If you've ever had a horse swing its body away from you or begin to walk off while you were trying to mount, you probably remember just how annoyed you were and how insecure you felt. If your horse moves off before you're in the saddle and ready to go, there can be several possible reasons for his action. Here are some tips to help you analyze and solve your problem.
Dear Maggie, I am 50 years old and have had a number of horses in my life. I now have a 3 year old Paint/gelding that is a pleasure to work around, he has a nice disposition and has really bonded with me. I ride him in the arena with no real problem but he has become so barn sour (in love with his stall) that when I ride him away from the barn his whole attitude changes and he goes into a bucking frenzy (not sissy bucking/he really throws a tantrum).
We've all heard it. You hear it sitting in the stands at a horse show, standing in line at the local tack shop, or riding along the trail with a group of friends. It's got to be the most repeated phrase in the horse world... "My horse is perfect, except..." Regardless of the 'except,' I have come to see that those imperfections we find in our horse's training and behavior stem from a few basic problems in our horsemanship and our relationship with our horses.
I feel horsemanship is a key factor in becoming an accomplished roper. It is the better horsemen who are able to get the most out of their horses and make the most consistent runs, time after time. Overall horsemanship, in my opinion, is a good understanding of the different parts of horsemanship.
I have a 7 year old paint mare named 'Lacey Calico Doll.' I show her in English and Western Pleasure. BUT she does not really have a good head set! I have trained her so that when I do a see-saw on the reins she puts a head down but then she puts her head back up again! I tried doing it harder and then softer, but it does not work! I sometimes ride with a surcingle on or put her in the arena with it on her. She sometimes bucks too, because she's moody. It's a GIRL thing. (hehe) Can you help me...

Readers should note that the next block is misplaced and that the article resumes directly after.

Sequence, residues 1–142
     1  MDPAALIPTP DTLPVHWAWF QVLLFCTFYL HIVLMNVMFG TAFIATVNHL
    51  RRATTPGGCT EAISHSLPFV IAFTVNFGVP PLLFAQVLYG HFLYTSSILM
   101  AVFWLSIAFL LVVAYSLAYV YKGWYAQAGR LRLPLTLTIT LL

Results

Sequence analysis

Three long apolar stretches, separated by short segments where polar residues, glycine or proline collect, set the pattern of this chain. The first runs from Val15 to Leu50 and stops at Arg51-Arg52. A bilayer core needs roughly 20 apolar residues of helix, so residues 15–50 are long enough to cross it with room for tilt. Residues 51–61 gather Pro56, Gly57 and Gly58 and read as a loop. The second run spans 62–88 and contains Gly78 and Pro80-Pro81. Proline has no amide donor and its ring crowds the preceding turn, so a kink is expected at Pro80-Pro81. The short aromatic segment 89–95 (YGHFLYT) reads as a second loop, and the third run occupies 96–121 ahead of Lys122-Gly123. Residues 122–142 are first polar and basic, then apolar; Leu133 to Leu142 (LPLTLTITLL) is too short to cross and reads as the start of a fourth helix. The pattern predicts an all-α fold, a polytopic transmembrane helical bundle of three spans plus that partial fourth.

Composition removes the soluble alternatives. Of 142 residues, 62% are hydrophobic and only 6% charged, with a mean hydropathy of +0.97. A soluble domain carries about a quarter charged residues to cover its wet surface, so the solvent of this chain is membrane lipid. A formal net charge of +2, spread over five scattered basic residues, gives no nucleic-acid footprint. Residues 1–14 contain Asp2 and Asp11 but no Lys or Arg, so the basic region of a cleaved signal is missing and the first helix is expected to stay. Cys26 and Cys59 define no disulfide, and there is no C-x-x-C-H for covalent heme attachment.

If a horse is slowly introduced to jumping, and brought along patiently with an attention to basic skills, it should turn out to be an honest, dependable mount. Sure, there may be an instance or two when it refuses a jump. Yet usually that's due to the horse being placed at an impossible take-off spot. But what about the "dirty stopper"?
No matter what future plans you have for your Thoroughbred, you need to be prepared to spend a lot of time on rudimentary flat work before you start whatever specialized training he needs for his future career. In the long run, you will be rewarded by a horse who is physically and mentally fit to try a new sport, rather than one who is body sore, nervous or frightened, and rank due to being rushed through the early stages of their training.
by Sheri Forrest The hackamore. It's no gimmick or shortcut, and it certainly isn't for the hasty or impatient horseman. For some who have taken the time to master its language, this fabled piece of tack has helped produce many extraordinary equine athletes and legendary training programs.
Many riders chose not to wear a helmet for their own reasons: too hot, too cumbersome, flattens the hair, etc. But like anything else, you should get all the information before you make you decision. Here's what a helmet does: The helmet's job is to provide a stopping distance between your head and the ground.
There is no shortage of topics to discuss in the horse world. Yet few engender such forceful opinions as a debate over the use of draw reins and whether they help or hinder the schooling of a horse. Like many debates, there may be no absolute right or wrong. Each individual has to weigh the impassioned anecdotes before choosing sides.